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The Caretaker review of Timothy Spall in the Old Vic's Pinter revival

Dom O'Hanlon

Dom O'Hanlon

June 8, 2016 00:00

Harold Pinter's 1960 masterpiece is his most performed and arguably most loved work. Blending elements of Theatre of the Absurd with realism it's a difficult piece to execute not only for the three actors but also the wider creative team who have the responsibility of guiding an audience's perceptions on the wider themes of the drama.

Pinter's language is exquisite throughout, and all three performers find the rhythms, pulses and variety of pace necessary to keep the wordplay driving and never overly discursive. Each character is specifically and skilfully defined through voice, accent and behaviour that each energy on stage is complimentary and never battling for attention. Whilst the eponymous role of Davies is historically considered to be the star vehicle, the joy of Warchus' production is how it balances all three roles and delivers a knock-out ensemble performance.

Timothy Spall gives a fine physical performance as Davies that takes some time to warm up. There are moments where he feels overly mannered and falls back on his comedic roots, pushing the role too far in one direction, hamming up certain elements of the character that verge very close to pastiche. He handles the language well, maintaining command between the three characters and responding to his function as catalyst as the intruder. At times it's as mumbling as an episode of 'Poldark', and from the Dress Circle is sometimes a strain to hear.

George MacKay gives a fire-cracking performance as Mick, injecting a clear shift in energy and managing to feel both threatening and compassionate simultaneously, hiding the character's somewhat darker routes. His speech is impeccable, and he handles the moments of speedy delivery with distinct skill and drive that further draw out Pinter's genius. He is equally matched by Daniel Mays' introverted and utterly compelling performance as Ashton who manages to capture that sense of isolation and vulnerability and project it through both speech and movement. His calmness settles the stage and the sparseness in his dialogue leaves much unsaid, making him the most absorbing of the trio. His speech before the interval where he tells Davies about his treatment and electro-shock therapy was perfectly delivered, proving a harrowing, yet utterly calm reflection of his condition.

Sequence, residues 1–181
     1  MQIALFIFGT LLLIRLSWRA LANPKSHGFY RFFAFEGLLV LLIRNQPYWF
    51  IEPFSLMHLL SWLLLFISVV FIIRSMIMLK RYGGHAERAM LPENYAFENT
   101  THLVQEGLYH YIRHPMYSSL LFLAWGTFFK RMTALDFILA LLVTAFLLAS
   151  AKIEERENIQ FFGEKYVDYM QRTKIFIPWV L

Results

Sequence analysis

Rob Howell's expertly executed naturalistic set provides an appropriate canvas for the language, resisting the temptation to be expressive or experimental. The whole playing space grounds the piece within a realistic framework, from the constant rain drops at the window to rising damp and peeling ceiling that in turn allows Pinter's electric language to ricochet around the space and resonate within even the darkest, dampest corners. Hugh Vanstone's lighting design beautifully shifts from day to night, giving much needed specificity to the action without being over obtrusive.

There's a disappointing ringtone like quality in Gary Yershon's original score that accompanies the scene breaks, whilst enhancing the atmosphere in composition feels oddly produced and too computerised.

Pinter's fascination with space and London in particular is apparent throughout the play, and feels oddly comforting amongst an otherwise unsettling piece. The specificity in terms of geographical locations including bus routes help ground the play for an audience, and allows much of humour to appear balanced. Whilst the overall outlook is somewhat disturbing and in many ways fairly bleak, Warchus balances the humanity with a good dose of humour, so the play never feels too acerbic. and a strong sense of mischief between all three characters keeps it moving. There are questions to be asked, but you find yourself enjoying the banter between the characters so much that these wash over your subconscious. It's only when you walk away from the theatre considering what you've seen that you realise Pinter's brutal assessment on life.


"Warchus's production, performed inside a wonderfully dilapidated set by Rob Howell, treats the play less as a microcosmic study of power-politics and more as a strange comedy about a trio of deluded outsiders.."
Michael Billington for The Guardian

"Worth looking in on, then, but with less actorly decoration, we'd get the unvarnished genius of the thing."
Dominic Cavendish for The Telegraph

"The rich performances make this an unsettling portrait of claustrophobic domesticity and its capacity to warp the mind and the soul."
Henry Hitchings for The Evening Standard

External links to full reviews from popular press
Guardian - Telegraph - Independent

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